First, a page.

Sonny Fulks
Sonny Fulks
Managing Editor

Sonny Fulks is a graduate of Ohio State University where he pitched four varsity seasons for the Buckeyes from 1971 through 1974. He furthered his baseball experience as a minor league umpire for seven seasons, working for the Florida State League (A), the Southern League (AA), and the American Association (AAA). He has written for numerous websites, and for the past fourteen years has served as columnist and photo editor for The Gettysburg Magazine, published by the University of Nebraska Press, in Lincoln Nebraska. His interests include history, support for amateur baseball, the outdoors, and he has a music degree from Ohio State University.


He’s spent three years pitching in near anonymity.  Now a senior, the man with the second most innings and experience of all Buckeye pitchers is ready to prove that his investment in time and patience can pay some valuable dividends.

Despite Greg Beals and pitching coach Dan DeLucia’s druthers…the one veteran on the 2022 Buckeye pitching staff that will start the year under a veil of unfamiliarity is that of a senior – starter, reliever, whatever-you-need man.

Explain, please?

Ask anyone who follows, who’s been associated with Buckeye baseball for the past three seasons:  “Who’s second behind fellow senior Griffan Smith in career innings pitched?”  Ask and you’ll  get a blank stare – a shrug.

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But in fact, that person would be right-hand pitcher Will Pfennig, from Mason, Ohio (Mason High School), a finance major, and one wise in matter of how to get people out as well as how to make the most of ones’ assets. He’s been there, sure enough. You just don’t remember him.

“There’s a reason for that,” explains Beals. “Our ’20 season got shut down, and last year we didn’t have mid-week games. So we’re running those three horses out there – Burhenn, Lonsway, and Jack Neely – on the weekend and they’re eating up a bunch of innings.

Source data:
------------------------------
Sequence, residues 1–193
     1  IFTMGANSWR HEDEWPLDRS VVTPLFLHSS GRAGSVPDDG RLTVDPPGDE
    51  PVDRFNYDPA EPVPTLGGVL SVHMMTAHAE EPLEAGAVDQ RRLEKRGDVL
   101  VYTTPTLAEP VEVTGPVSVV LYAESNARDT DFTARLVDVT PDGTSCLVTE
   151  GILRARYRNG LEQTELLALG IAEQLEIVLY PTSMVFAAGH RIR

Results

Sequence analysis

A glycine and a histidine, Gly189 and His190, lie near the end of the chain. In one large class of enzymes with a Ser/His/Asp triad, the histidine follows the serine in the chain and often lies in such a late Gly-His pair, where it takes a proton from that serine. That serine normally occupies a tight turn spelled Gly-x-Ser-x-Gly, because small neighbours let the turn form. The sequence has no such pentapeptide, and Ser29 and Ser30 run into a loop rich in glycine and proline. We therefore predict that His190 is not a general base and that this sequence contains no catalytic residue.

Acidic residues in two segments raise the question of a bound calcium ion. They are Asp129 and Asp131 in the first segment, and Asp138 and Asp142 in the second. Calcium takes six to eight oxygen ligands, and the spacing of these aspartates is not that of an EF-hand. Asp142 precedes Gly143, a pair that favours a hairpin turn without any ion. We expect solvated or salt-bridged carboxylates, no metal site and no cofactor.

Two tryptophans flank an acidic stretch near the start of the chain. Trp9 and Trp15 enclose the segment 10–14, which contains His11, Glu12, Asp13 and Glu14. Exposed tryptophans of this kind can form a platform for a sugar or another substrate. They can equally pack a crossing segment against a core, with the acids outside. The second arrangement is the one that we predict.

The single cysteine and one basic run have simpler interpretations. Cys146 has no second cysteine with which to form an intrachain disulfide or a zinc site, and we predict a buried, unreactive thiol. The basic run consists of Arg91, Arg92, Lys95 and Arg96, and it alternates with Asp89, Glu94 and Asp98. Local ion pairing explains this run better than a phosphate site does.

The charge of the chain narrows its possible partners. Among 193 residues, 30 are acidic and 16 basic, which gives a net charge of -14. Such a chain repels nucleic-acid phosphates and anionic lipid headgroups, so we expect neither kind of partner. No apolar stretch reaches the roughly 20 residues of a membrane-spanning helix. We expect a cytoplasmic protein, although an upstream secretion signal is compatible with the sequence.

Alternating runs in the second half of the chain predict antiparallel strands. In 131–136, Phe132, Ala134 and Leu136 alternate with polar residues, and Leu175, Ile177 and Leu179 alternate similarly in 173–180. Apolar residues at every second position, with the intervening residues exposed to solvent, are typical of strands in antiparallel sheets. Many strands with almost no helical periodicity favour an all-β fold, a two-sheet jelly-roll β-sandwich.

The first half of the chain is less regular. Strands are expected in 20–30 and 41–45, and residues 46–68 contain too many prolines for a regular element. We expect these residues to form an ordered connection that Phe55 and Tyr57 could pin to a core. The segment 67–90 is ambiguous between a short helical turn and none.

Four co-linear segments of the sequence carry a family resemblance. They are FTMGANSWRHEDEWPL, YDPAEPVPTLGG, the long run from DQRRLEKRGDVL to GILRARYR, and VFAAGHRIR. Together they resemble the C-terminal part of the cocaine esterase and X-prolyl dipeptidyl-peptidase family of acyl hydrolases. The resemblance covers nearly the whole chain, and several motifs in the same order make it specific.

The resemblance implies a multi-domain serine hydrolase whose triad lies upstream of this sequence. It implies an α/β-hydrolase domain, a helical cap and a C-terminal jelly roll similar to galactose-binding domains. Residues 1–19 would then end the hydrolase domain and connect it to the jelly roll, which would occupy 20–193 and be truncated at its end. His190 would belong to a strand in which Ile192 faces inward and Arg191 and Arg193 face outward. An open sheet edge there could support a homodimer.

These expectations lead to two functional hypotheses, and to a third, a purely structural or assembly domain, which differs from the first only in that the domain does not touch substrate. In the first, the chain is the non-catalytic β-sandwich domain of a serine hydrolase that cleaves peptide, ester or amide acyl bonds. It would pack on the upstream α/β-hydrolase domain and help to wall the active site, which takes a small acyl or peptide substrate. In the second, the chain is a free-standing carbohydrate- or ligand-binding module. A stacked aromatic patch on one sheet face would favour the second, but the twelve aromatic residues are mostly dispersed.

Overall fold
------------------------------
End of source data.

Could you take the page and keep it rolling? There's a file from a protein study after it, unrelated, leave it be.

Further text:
“That left us to divvy up eight innings a week out of the bullpen because the starters are pitching so many innings.”

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In the next breath, when asked about him specifically, Beals is just as forthcoming in his confidence of Pfennig’s experience and reliability.

“He’s never been the regular…he’s always been the ‘spot’ guy who fills in or pitches out of the bullpen.

“But the thing about Will is his experience. What I really like about him is that he continually learns about himself, and learns how to pitch. He’s not going to try to throw 95.  He’s going to try to beat your bat. He’s going to make you miss.”

Pitching coach Dan DeLucia is similarly appreciative of his knowledge and skills.

“Will’s versatile,” says DeLucia of Pfennig, a popular figure on the Buckeye roster. “He can start and he can relieve.

In his three previous seasons Pfennig has pitched 98.2 innings in virtual anonymity.

“But what he really has is maturity. He’s that upperclassman that knows what pressure is like, and he can share that with the younger guys. His biggest attribute is the way he handles himself and his emotions during a game. And most importantly, as a senior he’s willing to do anything to help our team be successful. He’s not one of those upperclassmen who’s still trying to get ‘theirs’ – their time to shine. He’s willing do what’s needed. He’s willing to take the baseball in big spots.”

The proof, of course, is in the numbers. Pfennig pitched 33 innings in 2021, more than any other pitcher on the staff outside of Burhenn, Lonsway, and Neely.